It's a pig's life

| 2nd February 2009
Its-a-pigs-life_MAIN.jpg
Tracy Worcester's film <i>Pig Business</i> exposes the abuses of factory farming and challenges consumers to make a stand. Phil Moore meets a woman on a mission.
A powerful indictment of industrial farming, Pig Business gives many reasons to get angry, but it won't leave it there. It promises to act as the driving force behind those seeking to resist the perils of industrial farming.

Checking the labels on supermarket packets of pork at the beginning of her documentary, Pig Business, Tracy Worcester is clearly frustrated.

"If shoppers would only look behind the label in ways my documentary describes, they will see that by exercising their consumer power they can protect our independent farmers. Our farmers would then improve their standards to produce human, animal and environmentally friendly pork."

The recent recalling of contaminated pork from the Irish republic exemplifies the problems of mass produced meat, where one mistake can mean that millions of tonnes of pork has to be thrown away. Such scenes remind us of the dangers of factory farming and the burning of cattle in the BSE crisis.

Tracy Louise Ward, Marchioness of Worcester, has been campaigning on environmental issues since 1989. From her early days of sealing envelopes for Friends of the Earth, to an active role in the environmental movement as a public speaker and associate director of the International Society for Ecology and Culture and trustee of the Gaia foundation, Tracy has most recently been putting her energies into film making.

Pig Business, is a powerful critique of intensive farming; the animal cruelty, environmental degradation and the dangers posed to human health and livelihood.

Focusing her sights on Smithfield Foods of America, the world’s largest pork producers, her documentary reveals the dark side of the intensive pig farming regime that puts cheap pork on our tables.

Four years in the making, Pig Business brings together important issues in the environmental movement as well as themes central to the campaigner’s own life: ‘I’ve been in the ecologist movement for 20 years and if we deal with each separate issue it’s like shifting all the chairs on the Titanic. What are the root causes? And I wondered what would appeal to the general public in communicating the work I had been doing.’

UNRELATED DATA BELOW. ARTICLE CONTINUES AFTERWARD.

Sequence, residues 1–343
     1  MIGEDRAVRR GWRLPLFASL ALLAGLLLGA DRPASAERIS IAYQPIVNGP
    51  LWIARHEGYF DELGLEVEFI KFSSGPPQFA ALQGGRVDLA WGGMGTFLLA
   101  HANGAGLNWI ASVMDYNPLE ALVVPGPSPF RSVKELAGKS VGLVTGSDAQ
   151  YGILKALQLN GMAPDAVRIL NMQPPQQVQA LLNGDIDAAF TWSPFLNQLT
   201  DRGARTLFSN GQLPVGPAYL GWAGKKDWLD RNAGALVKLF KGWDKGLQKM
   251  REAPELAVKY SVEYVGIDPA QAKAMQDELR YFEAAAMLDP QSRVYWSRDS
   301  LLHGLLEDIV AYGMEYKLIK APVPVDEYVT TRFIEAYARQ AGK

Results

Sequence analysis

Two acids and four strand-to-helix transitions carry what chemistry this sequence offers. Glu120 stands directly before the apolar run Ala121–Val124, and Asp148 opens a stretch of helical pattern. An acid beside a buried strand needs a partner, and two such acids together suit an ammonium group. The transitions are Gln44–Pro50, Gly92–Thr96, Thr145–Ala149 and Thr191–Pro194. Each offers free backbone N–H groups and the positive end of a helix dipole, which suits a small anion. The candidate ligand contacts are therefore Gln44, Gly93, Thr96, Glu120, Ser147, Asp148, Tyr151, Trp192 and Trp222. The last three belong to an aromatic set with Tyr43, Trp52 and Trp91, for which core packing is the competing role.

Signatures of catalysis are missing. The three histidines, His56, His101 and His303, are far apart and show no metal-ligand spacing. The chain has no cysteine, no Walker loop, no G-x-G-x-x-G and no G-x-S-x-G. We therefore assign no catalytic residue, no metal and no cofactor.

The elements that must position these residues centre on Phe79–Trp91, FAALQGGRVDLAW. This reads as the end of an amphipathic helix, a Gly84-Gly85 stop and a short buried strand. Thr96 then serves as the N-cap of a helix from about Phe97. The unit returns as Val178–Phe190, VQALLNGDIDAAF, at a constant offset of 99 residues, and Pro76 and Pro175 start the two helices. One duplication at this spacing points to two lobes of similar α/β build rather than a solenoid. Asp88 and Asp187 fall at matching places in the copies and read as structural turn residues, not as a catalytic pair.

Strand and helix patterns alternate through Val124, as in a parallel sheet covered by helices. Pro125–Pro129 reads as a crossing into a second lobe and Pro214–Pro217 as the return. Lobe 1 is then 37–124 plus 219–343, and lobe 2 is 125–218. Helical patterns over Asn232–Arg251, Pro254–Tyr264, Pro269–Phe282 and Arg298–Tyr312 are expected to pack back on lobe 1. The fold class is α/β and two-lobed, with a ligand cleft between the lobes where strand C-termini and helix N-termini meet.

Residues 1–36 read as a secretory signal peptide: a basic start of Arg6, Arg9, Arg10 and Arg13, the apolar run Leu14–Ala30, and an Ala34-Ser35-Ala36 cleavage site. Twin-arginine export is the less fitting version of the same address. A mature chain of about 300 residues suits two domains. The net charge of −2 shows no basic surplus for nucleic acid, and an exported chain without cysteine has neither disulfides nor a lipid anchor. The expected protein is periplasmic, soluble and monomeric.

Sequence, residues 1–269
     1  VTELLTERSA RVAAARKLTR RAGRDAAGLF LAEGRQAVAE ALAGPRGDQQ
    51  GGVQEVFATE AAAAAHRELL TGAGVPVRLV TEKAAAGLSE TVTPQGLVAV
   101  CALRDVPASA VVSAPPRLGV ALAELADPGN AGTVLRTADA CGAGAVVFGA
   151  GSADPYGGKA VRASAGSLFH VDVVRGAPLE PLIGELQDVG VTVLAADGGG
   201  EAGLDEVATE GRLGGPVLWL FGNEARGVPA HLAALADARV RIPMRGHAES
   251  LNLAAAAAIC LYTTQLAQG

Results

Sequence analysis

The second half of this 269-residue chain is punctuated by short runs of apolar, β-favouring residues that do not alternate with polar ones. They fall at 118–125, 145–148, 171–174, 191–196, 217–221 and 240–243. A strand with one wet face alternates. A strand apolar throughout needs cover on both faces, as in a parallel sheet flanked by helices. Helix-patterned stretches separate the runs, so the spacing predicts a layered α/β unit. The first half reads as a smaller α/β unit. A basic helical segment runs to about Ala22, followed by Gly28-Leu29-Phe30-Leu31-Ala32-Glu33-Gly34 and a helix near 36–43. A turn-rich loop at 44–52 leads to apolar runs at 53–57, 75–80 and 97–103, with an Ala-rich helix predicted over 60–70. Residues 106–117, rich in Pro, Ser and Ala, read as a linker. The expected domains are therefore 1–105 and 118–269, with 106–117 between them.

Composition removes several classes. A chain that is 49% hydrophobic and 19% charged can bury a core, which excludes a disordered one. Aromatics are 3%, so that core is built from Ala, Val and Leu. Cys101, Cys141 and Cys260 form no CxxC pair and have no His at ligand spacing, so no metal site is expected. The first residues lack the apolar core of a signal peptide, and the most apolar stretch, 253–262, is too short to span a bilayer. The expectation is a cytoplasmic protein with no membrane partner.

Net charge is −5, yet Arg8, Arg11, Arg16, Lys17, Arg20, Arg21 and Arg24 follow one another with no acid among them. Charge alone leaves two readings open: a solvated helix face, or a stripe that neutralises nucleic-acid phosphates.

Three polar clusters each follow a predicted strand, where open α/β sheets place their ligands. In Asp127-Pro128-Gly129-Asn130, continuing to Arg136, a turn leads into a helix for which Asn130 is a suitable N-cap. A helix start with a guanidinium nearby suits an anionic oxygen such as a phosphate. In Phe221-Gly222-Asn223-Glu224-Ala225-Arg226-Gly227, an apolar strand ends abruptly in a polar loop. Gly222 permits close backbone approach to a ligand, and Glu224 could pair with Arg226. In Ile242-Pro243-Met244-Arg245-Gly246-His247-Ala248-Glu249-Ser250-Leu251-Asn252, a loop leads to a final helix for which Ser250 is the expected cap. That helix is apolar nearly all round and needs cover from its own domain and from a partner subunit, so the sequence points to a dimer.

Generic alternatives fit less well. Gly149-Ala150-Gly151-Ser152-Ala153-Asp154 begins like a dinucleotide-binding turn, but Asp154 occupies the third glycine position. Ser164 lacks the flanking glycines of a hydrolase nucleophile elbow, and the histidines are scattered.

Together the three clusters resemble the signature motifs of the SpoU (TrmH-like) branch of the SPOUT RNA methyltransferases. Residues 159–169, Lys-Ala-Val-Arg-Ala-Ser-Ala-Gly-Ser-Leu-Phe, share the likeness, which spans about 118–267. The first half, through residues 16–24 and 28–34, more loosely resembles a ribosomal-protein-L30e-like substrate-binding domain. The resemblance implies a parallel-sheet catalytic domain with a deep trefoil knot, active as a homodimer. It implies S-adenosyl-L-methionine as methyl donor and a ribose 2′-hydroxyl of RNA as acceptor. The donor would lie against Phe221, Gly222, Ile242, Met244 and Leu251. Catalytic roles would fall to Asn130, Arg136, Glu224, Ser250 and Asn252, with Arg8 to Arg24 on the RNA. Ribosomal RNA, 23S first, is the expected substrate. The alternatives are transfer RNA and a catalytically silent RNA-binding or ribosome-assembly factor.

Tracy first learnt of Smithfield's invasion of Poland’s pork industry in 2002, having met Tom Garret, consultant for rural affairs, for the US based Animal Welfare Institute and long standing campaigner against intensive livestock production.

Smithfield's first acquisition in Poland was the former state-owned farm Animex, followed by 21 other state-owned farms. As Smithfield’s operations grow, farmers who use traditional feed and natural rearing methods without the use of additives become uncompetitive and are forced out of farming.

‘The story of Smithfield encapsulated so many areas of interest: corporate takeover, EU bureaucracy and subsidies, the threat to small-scale farmers, the dignity of work and the quality of food.’

Smithfield 'processes’ 27 million pigs a year, operates in 15 countries and has annual sales of almost $12bn dollars. The late 1990s saw the introduction of Smithfield into Poland, along with its approach to intensive hog farming.

The dangers of dumped and untreated pig faeces to ecosystems, the hazards to workers’ health and those living near to Smithfield’s farms are vividly recounted in the film.

Being an advocate of small-scale farming provided a strong motivation for Tracy to follow the story: ‘Farming and seeing it being destroyed in every country I go to is so upsetting. I thought here is an extraordinary story, where my taxpaying money, through the European Bank for Reconstruction and Development (EBDR), is going to fund the industrialisation of farming destroying the farmers of Poland and England.’

A powerful indictment of industrial farming, Pig Business gives many reasons to get angry, but it won't leave it there. Working with a host of campaigns, NGOs and other groups, Pig Business promises to act as the driving force behind those seeking to resist the perils of industrial farming.

 


 

Phil Moore is the Ecologist’s newsletter editor.

Join the campaign

Pig Business is more than a film, it’s a campaign and Tracy Worcester wants everyone to use their consumer power to push for change.

Here’s how to have an affect:

// AVOID factory farmed pork

// BUY from farmers markets or buy British – preferably organic – in the supermarket

// CAMPAIGN against cruel farming methods

// DEMAND action against imports of pig meat raised below UK welfare standards

// EAT less meat, but of better quality

The campaign is supported by the Gaia foundation and many more organisations After its TV broadcast, the film will be screened in small venues across the country with Tracy attending as many as possible for Q&A sessions. For more details, log onto the Pig Business campaign website

This article first appeared in the Ecologist February 2009

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